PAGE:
Here are our lights in use in the daytime, at an indoor event that offers less than wonderful lighting. Note the brightness of our booth compared to the one off to the right. Who do you think had the better day?

7. Prices Gotta Go Up

There are 3 ways to increase profits: increase selling prices, decrease costs, or increase your volume of sales. When you can do all 3, you’re doing it right.

When I started, cheese boards were $25. Lazy Susans were $50. I priced an end grain, full-sized cutting board at my first event for only $75. I soon learned … prices gotta go up. And they have.

I have received many compliments on my price tags, which identify the woods in each board. Some have told me my prices are reasonable; others have definitely communicated the prices are too high. Who should I believe?

Back then, I was using about 7 species of woods and my largest cutting board was 12″ x 16″ x 1″. Today, I’m using over 20 species and the largest cutting boards that I have on display are 16″ x 21″ x 1-1/2″, which is over 2-1/2 times larger than the one in my first display.

Size comes at a price, of course, as do boards that feature the most expensive woods.

The good news is that today I can give customers those options, and they now get to choose what they want.

Today, my least-priced board is $35. My highest priced board is currently $375 and I have done commissioned orders that are many times that amount.

I make no apologies for the prices as displayed (which, as I explain, are dictated by the size of the boards and the woods used). I don’t negotiate price. I’ve seen people jerk their fingers back from a board like the price tag was burning them, and I truly appreciate that many people don’t want to spend $300 on a cutting board. I have no problem with that.

When people find the price list, they are happy. When they don’t find the price list….

I also have no problem charging $300 to the people that do want to spend that amount on a quality, handmade, hardwood cutting board.

8. Helping Customers Find You

Most entrepreneurs are great at product development and terrible at marketing. They have a great idea – and expect customers to find them. That’s just not the way it works.

You have to find the customers. You have to make a great product, yes, but THEN you have to find a way to market that product. That means you’ll have to:

  • Talk to people
  • Embrace website development
  • Talk to people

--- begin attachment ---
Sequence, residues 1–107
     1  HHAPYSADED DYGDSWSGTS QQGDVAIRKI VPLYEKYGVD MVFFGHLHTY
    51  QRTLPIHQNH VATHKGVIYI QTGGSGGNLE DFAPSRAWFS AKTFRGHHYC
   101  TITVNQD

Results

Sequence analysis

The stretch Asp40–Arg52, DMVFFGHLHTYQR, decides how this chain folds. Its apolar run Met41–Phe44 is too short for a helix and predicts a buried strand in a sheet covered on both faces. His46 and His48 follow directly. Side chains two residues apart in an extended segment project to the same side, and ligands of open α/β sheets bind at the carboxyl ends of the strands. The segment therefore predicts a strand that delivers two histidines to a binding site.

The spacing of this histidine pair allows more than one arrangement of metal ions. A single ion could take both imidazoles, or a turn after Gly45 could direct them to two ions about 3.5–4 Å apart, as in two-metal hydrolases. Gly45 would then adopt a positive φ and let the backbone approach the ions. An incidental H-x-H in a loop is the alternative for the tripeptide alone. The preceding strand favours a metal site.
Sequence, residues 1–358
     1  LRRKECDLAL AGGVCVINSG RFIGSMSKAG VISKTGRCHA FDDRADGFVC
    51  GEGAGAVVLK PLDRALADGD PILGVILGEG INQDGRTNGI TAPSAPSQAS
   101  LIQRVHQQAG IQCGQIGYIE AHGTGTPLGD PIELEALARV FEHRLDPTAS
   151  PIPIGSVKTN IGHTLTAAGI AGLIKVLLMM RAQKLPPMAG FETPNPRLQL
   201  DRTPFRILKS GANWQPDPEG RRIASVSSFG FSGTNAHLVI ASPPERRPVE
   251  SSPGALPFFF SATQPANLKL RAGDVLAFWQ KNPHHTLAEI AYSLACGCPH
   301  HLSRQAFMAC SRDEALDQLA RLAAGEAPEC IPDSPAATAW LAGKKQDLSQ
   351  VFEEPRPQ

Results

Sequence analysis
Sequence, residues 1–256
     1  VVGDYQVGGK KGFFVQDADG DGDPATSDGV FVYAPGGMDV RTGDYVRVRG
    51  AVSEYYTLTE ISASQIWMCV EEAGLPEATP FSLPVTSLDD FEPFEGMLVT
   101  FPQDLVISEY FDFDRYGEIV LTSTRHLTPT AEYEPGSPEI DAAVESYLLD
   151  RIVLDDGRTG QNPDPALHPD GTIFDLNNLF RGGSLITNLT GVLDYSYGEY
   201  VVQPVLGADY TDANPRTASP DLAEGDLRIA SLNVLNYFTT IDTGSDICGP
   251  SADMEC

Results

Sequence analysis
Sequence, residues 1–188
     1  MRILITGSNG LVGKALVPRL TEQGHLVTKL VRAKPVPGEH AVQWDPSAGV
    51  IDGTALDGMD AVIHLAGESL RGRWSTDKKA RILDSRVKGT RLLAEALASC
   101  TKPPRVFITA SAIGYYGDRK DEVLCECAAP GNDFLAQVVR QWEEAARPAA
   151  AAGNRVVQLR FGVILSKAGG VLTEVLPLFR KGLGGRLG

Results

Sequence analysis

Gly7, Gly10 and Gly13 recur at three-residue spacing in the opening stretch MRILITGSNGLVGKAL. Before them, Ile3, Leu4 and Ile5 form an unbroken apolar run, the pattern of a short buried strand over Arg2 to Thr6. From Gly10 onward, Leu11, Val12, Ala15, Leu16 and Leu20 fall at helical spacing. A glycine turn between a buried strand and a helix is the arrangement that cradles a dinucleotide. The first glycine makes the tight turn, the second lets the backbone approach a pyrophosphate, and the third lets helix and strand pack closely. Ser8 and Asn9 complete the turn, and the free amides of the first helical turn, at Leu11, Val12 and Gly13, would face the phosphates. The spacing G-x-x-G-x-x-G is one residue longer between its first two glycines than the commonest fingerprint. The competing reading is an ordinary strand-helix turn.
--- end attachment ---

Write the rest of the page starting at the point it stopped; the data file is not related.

• Spend time developing marketing strategies and promotions
  • Talk to people
  • Sell strangers on the benefits of your product

If that’s not you, you’re in trouble. If you want to go a-vendoring, it HAS to be you.

9. Unending Social Media

I admit it, I’m old.

But I’m going to say it: it’s impossible to engage in every brand of social media out there and do so well. You are far, far better off to choose one or two and do them very well, rather than try and do them all … because you will fail.

In my case, I run our 3 websites (!) including this daily blog, and post on Facebook with some regularity. I am the photographer, but I don’t do Instagram. Or Tumblr. Or Snapchat. Or YouTube. Or … well, you get the idea.

I very much appreciate it when Mrs M or Little Girl does share a post on Instagram, as I know that gets reactions. Mrs M has played with Facebook videos a bit, and I have a vendor friend that does a lot of nice videos from her events (way to go, Kathy!). As Hamm said in Samuel Beckett’s Endgame, “Each to their own speciality.”

10. Information Overload

I have a spreadsheet that simply tracks events of interest, and keeps track of where we are in the internal approval/application/payment/acceptance process with each event in real time. This spreadsheet is already tracking events into 2019. We have 2 confirmed events in 2018. Already.

I keep a copy of every application sent to every event. I have copies of the checks. Copies of the pictures of products I submitted and the forms I’ve filled out. And, I still don’t remember every single detail on every single application when I go to the next weekend’s event. I’ve got standard lists of products, pictures of products, pictures of booths and pictures of myself and the Mrs. actually making the handmade goods we propose to take to targeted events. Many of those events are juried – and if you don’t submit a good enough package, or a complete package, or the right package, then you will be rejected by the event. We’ve been rejected by one event already this year and rejected and encouraged to properly reapply by another. We get a rejection or 3 every year now, and I think that’s a good thing. It keeps us sharp.